Where I Read – GamePro #8
This week we’ve got GamePro Issue #8, for March of 1990. Our page count has dropped a little bit to 85 pages. On the bright side, the cover art isn’t total crap anymore. Nothing new on the opening ads – just the same ad for Demon Sword we had last issue.
Editorial: GamePro’s Editorial columns are still, well, less talking about the state of the industry, or what they will be doing in the future, but instead telling you things you could have learned if you paid attention to the Table of Contents. I must admit that I always found GamePro to be inferior to EGM in most respects.
Letters: We start things off with a letter asking for more information about Phantasy Star II. Well then, you’ll be pleased to know they’re having a featured ProView this issue. Also, apparently Golden Axe is being ported to the master system, and they have a “Review” this issue – but is it a real review, or is it still a glorified Preview. We get a letter asking them not to run tips and tricks because it spoils the game. Well, if you’re concerned about the tips and tricks section, just skip over it (or even rip it out of the magazine and stick it in the recycling/garbage). If you’re concerned about the ProTips – well, in general they’re not telling you anything that’s particularly secret (such as knowing when to hold them and when to fold them in poker last issue). We get a letter from a mother in Redmond saying how much she loves their cover design – I must admit I don’t know what the covers between issues 2 and 6 look like, but issue 7 was an absolute load of crap.
The Cutting Edge: The PC Engine is basically getting a couple of re-skinned versions – the PC Engine Shuttle and the CoreGrafx – both of which are, essentially, the standard PC Engine but with a sleeker, re-designed frame – with the sole difference between the two is that the CoreGrafx also supports CDs and the Shuttle doesn’t. Oddly enough, the CoreGrafx has a smaller footprint. NEC is also coming out with the SuperGrafx, a suped up version of the PC Engine with more memory – and it also splits the install base by having games being put out exclusively for it, though it has backwards computability with older PC Engine games. It doesn’t help that the SuperGrafx isn’t compatible with the existing PC-Engine CD, so you’ll have to re-buy the new CD-ROM drive too.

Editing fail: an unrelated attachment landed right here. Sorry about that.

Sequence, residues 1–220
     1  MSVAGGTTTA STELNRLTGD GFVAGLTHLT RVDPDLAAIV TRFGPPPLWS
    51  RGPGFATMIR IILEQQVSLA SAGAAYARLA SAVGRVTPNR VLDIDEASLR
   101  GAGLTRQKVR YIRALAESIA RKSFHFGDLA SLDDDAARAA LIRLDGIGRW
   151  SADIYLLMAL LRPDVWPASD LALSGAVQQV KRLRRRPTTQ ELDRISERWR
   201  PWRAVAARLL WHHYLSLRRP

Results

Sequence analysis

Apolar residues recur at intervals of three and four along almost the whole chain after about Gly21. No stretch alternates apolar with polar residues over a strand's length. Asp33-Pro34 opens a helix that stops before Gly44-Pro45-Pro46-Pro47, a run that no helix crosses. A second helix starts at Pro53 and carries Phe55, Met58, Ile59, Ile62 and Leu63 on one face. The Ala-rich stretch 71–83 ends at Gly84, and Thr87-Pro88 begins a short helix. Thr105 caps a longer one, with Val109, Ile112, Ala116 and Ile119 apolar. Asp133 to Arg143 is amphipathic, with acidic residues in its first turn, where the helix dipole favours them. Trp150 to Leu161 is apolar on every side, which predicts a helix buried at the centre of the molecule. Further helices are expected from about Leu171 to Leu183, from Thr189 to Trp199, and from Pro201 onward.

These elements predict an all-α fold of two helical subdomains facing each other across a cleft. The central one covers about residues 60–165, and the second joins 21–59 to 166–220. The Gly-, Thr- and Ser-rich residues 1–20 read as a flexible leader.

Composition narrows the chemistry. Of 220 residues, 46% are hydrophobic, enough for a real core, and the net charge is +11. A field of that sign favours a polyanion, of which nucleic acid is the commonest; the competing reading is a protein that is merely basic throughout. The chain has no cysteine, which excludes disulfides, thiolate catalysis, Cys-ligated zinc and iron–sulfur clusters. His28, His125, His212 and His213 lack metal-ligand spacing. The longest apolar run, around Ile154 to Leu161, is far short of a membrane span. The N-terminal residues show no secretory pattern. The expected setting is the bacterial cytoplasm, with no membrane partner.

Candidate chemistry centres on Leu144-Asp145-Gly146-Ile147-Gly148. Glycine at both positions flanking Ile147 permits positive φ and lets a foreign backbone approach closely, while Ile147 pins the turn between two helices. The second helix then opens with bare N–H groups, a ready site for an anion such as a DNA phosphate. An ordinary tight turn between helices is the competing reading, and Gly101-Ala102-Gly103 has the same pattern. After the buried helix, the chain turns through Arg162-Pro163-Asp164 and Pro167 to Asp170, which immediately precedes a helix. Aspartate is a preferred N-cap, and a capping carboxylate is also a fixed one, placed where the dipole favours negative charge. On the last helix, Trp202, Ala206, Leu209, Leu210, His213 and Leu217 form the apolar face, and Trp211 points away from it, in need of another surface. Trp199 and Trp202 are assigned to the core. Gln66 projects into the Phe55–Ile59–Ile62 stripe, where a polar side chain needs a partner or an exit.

Overseas Prospects: In keeping with the coverage of the SuperGrafx and other new SKUs we get a preview (not a review – they’re honest about it this time) of Shinobi for the Turbografx-16. The preview doesn’t say anything about this game being developed by Sega.
The Adventures of GamePro – Chapter 7: This issue GamePro must survive in Ghouls ‘n Goblins. We get a few strategies for some of the generic enemies, and one of the bosses.
ProViews: We start off with Romance of the Three Kingdoms, which has finally come out for the NES. We also have ProViews for (on the NES) Ghostbusters II, the first X-Men game from LJN (and the first console X-Men game in general), and the Drive-‘N-Shoot game Road Blasters. On the Master System was have a port of Golden Axe – which they have nothing bad to say about at all. For the Genesis we finally have a review of Phantasy Star II. We also get coverage for the rather gonzo shump Forgotten Worlds for the Genesis. I say “gonzo” because (as I mentioned previously about this game) instead of playing a space ship, or a witch on a broom, you’re just a guy in a jetpack. On the one hand, it gives the game a distinctive look. On the other hand it gives you a rather large hit-box.